Patience is a Virtue in Oakland
by Kevin Goldstein
Is working the count a skill that one can learn? The Oakland A's think so, and have developed an entire minor league development program around it.
From 2003-2005, in 71,529 minor league at-bats, Oakland farmhands drew 8698 walks--over 800 more than any other team in baseball. With just under 73 walks per 600 at-bats, Oakland players drew more than 14 walks over the average rate. In all three years, the A's led the minor leagues in walk rate, and they did it by an average margin of 7.6%. Here's the raw data, charting walks (on the X-axis) and strikeouts (on the Y) per 600 at-bats. As you can see, when it comes to getting free passes, the A's are on their own island:
[Couldn't copy the chart but the Reds are basically the opposite of Oakland with our K total being very high and our walk rate very low]
Obviously, the A's bring players into the system that already have this basic ability, but it is also a fundamental tenet of the daily instruction that players in the system receive, according to Keith Lieppman, now entering his 15th year as Oakland's Director of Player Development.
"This is really something that we've accomplished and worked hard on over a number of years," said Lieppman. "This started during Sandy Alderson's [Oakland GM from 1983-1997] tenure. The goal was to have people aboard for guys like Mark McGwire and Jose Canseco--it really was 'get on base and hope for the three-run homer' in essence."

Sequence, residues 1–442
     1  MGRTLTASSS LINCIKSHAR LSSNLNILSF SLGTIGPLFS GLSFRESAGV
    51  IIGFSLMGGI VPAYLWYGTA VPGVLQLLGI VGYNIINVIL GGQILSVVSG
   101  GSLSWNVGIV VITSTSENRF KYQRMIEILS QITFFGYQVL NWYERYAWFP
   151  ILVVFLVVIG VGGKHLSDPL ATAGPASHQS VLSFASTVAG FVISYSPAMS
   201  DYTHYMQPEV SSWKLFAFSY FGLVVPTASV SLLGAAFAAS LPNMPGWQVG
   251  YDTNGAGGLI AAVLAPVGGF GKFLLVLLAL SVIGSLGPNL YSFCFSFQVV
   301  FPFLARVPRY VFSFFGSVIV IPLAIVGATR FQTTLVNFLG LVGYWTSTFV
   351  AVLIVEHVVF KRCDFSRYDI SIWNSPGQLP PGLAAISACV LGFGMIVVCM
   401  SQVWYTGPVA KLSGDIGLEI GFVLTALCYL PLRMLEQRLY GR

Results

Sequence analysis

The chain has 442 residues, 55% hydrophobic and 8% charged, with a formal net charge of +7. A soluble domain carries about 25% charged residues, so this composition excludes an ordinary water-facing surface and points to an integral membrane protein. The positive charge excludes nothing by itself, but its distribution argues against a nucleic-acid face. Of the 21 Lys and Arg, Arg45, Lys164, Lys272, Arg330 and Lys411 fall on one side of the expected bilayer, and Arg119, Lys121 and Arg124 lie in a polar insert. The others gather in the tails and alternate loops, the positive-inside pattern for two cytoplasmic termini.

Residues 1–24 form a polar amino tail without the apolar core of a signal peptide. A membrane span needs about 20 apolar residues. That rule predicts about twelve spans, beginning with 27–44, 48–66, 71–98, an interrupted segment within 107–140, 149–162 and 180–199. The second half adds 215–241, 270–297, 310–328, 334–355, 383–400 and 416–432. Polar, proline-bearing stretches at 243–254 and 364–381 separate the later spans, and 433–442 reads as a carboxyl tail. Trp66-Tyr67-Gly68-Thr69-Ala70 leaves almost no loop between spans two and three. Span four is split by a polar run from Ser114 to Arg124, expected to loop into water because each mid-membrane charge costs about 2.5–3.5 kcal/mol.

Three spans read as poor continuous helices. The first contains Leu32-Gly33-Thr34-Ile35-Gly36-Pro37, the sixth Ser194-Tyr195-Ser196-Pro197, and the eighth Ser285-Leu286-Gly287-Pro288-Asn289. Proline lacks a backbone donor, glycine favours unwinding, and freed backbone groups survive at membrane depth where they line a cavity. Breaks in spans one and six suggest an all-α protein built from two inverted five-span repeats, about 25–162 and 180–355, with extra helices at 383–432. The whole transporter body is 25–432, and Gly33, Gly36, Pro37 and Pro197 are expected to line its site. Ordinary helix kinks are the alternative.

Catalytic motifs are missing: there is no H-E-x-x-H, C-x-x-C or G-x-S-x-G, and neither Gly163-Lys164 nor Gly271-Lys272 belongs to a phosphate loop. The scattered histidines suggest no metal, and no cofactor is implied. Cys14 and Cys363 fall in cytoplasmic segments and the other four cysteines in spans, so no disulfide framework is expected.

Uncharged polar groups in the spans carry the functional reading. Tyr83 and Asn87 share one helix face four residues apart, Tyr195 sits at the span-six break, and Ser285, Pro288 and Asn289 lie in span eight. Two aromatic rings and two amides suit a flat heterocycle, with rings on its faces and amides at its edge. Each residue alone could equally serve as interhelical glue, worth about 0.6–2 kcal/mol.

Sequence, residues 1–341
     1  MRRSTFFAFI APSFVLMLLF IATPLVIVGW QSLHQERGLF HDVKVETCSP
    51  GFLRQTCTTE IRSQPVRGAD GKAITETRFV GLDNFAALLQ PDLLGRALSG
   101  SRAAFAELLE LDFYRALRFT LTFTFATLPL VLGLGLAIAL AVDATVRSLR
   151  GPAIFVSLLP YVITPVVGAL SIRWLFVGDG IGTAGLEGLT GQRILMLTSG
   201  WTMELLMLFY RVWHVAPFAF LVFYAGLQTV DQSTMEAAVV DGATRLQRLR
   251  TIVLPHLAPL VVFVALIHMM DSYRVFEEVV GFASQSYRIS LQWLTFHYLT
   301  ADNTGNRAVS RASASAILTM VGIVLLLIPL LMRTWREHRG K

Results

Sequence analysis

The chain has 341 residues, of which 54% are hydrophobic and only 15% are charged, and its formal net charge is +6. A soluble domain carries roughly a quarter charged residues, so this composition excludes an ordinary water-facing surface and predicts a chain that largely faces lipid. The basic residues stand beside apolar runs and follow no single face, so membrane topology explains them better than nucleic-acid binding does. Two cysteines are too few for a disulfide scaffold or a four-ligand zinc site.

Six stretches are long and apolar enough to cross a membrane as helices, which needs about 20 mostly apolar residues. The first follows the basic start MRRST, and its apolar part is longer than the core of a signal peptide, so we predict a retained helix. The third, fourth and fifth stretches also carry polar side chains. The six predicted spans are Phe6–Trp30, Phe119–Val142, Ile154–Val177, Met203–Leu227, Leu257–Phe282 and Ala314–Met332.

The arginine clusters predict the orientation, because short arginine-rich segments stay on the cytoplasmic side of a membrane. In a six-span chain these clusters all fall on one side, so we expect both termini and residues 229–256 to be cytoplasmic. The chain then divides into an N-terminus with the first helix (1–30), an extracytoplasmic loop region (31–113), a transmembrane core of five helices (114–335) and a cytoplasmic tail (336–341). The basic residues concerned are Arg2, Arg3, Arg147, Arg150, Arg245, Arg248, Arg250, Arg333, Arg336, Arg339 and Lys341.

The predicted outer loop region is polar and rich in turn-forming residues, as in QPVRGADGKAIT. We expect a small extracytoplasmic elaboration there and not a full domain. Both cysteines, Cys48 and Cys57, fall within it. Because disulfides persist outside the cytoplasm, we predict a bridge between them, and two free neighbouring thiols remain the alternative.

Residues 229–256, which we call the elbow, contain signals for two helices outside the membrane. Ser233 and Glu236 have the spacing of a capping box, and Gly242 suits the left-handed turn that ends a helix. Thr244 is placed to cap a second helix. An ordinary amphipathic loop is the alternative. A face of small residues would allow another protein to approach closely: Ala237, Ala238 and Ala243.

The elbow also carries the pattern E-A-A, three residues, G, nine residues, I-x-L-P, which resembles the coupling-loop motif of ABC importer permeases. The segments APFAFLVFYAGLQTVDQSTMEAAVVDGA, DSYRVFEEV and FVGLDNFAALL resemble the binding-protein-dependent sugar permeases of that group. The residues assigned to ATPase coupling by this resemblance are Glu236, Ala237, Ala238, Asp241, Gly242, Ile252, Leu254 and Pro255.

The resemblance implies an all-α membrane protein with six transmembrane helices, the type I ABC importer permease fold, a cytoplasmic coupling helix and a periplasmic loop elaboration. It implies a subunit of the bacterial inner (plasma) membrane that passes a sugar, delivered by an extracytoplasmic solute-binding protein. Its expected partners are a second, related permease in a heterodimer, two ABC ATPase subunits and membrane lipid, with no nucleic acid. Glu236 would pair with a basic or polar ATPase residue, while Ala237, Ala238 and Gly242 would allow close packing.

When Billy Beane was promoted to General Manager after the 1997 season, he spread the philosophy of patience to levels below the major leagues, bringing it into the draft day war room and as part of the player development process. But can simply drafting players who can work the count, as the A's emphasize strongly, lead to a three-year total that is 3.4 standard deviations above the league average? For Lieppman, instruction has played a large part in creating the sizeable gap.
"We teach our kids a consistent, team-wide philosophy based on this," said Lieppman. "It begins with getting the starting pitcher out of there as soon as possible."
The A's theory is that the starting pitcher is more often than not the best pitcher that opposing hitters will see all game (with the possible exception of the closer for one inning or less), and that by working the count and raising his pitch count, the hitters can better ensure that they see middle relievers during the game. "Once you get him [the starter] out of there, you really are looking at second and third-tier guys--guys you are going to have a much better chance of hitting," added Lieppman. Beyond just forcing starters to throw more pitches per plate appearance, their instruction carries over to baserunning as well. "We have a specific philosophy and teaching methods that are designed to reduce the number of times our players get doubled up or create other useless outs in order to keep pitchers working as much as possible," added Lieppman.